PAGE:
Case Study

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A critical review on:

Corporate social reporting and stakeholder accountability: The missing link
By Stuart M. Cooper, David L. Owen (2007),

Accounting, Organizations and Society Journal,

Vol. 32 (2007) 649–667

1. Introduction

This paper critically discusses “Corporate social reporting and stakeholder accountability:
The missing link” by Cooper & Owen (2007). Firstly, a brief summary is provided of the paper, focussing on the research questions, the methodology used, the findings and finally on the claimed academic contribution by the authors. Subsequently, the paper is critically reviewed focussing on consistency, the rigor of the paper, the research methods applied and the development of the conclusions. Finally, several concluding remarks are provided.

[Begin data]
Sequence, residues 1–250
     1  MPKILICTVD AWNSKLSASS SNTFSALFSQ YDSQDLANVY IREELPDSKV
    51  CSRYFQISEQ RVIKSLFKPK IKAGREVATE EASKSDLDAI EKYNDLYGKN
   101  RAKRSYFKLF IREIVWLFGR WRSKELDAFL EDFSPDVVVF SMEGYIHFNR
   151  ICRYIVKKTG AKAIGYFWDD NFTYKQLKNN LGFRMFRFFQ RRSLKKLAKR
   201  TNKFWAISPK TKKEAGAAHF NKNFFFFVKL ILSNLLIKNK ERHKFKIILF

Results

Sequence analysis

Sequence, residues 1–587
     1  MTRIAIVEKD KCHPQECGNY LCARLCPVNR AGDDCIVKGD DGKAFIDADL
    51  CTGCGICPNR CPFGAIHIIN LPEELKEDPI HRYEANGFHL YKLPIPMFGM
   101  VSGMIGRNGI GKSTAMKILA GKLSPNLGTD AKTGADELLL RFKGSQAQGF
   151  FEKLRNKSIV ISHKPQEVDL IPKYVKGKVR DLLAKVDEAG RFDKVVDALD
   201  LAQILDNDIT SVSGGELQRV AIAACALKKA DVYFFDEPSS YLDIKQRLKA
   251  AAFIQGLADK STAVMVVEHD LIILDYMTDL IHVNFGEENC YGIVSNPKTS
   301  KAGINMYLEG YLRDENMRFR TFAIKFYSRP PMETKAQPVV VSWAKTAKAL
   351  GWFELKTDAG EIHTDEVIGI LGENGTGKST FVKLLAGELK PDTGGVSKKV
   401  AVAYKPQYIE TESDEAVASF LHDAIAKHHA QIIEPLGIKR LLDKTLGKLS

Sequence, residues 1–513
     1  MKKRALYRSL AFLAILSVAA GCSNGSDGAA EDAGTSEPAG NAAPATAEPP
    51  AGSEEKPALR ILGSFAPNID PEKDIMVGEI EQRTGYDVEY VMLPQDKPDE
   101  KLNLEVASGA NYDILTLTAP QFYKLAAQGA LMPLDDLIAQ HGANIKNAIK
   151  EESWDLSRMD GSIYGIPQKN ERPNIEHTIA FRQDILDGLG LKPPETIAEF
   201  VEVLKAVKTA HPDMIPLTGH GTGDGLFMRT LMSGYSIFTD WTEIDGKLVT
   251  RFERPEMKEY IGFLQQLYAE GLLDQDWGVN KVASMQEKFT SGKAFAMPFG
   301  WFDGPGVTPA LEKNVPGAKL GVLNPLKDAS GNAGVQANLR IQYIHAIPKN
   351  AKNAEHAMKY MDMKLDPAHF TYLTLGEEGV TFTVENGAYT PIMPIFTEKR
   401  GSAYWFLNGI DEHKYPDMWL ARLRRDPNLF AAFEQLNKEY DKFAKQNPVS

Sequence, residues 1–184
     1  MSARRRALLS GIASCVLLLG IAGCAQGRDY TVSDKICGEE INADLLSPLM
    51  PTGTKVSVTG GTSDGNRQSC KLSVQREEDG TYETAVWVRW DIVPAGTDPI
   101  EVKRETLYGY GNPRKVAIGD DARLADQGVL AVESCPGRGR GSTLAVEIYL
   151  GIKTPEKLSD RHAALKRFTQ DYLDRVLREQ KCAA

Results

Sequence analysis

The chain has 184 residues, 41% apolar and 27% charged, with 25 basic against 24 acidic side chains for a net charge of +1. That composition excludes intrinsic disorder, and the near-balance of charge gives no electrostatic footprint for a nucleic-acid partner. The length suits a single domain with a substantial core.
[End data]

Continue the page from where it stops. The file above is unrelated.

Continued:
Summary of the research paper

This essay is a critical review of the paper “Corporate social reporting and stakeholder accountability: The missing link”, written by Stuart M. Cooper and David L. Owen and published in the Accounting, Organizations and Society Journal, Volume 32 (2007). This paper aims to undertake a critical evaluation of the extent of institutional reform accompanying current ‘leading edge’ reporting initiatives, together with that potentially ensuing from the proposed OFR regulations. To this end, they draw upon a number of reports short-listed for the Social and Sustainability categories of the 2003 ACCA UK Sustainability Reporting Awards Scheme, together with an analysis of the somewhat long drawn out processes which led to the publication of the DTI’s OFR draft regulations. They are particularly concerned with assessing their potential for enhancing stakeholder accountability. Cooper & Owen investigate what progress has been made towards improved stakeholder accountability through an analysis of a number of reports short-listed for the Social and Sustainability categories of the 2003 ACCA UK Sustainability Reporting



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